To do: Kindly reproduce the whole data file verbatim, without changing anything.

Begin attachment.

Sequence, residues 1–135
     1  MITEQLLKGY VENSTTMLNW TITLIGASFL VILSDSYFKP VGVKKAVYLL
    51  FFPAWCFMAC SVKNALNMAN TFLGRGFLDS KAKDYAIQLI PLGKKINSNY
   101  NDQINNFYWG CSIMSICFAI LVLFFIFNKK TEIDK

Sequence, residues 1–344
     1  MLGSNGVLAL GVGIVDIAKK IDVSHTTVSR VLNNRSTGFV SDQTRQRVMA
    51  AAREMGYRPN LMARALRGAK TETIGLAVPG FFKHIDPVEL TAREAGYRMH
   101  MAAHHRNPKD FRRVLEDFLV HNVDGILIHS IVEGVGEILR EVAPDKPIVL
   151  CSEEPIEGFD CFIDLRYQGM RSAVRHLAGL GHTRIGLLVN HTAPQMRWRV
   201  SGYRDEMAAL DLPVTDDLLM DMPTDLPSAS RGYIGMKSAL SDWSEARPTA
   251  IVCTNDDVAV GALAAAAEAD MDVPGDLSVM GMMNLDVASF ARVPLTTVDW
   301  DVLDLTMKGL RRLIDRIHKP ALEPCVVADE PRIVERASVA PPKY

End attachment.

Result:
Sequence, residues 1–135
     1  MITEQLLKGY VENSTTMLNW TITLIGASFL VILSDSYFKP VGVKKAVYLL
    51  FFPAWCFMAC SVKNALNMAN TFLGRGFLDS KAKDYAIQLI PLGKKINSNY
   101  NDQINNFYWG CSIMSICFAI LVLFFIFNKK TEIDK

Sequence, residues 1–344
     1  MLGSNGVLAL GVGIVDIAKK IDVSHTTVSR VLNNRSTGFV SDQTRQRVMA
    51  AAREMGYRPN LMARALRGAK TETIGLAVPG FFKHIDPVEL TAREAGYRMH
   101  MAAHHRNPKD FRRVLEDFLV HNVDGILIHS IVEGVGEILR EVAPDKPIVL
   151  CSEEPIEGFD CFIDLRYQGM RSAVRHLAGL GHTRIGLLVN HTAPQMRWRV
   201  SGYRDEMAAL DLPVTDDLLM DMPTDLPSAS RGYIGMKSAL SDWSEARPTA
   251  IVCTNDDVAV GALAAAAEAD MDVPGDLSVM GMMNLDVASF ARVPLTTVDW
   301  DVLDLTMKGL RRLIDRIHKP ALEPCVVADE PRIVERASVA PPKY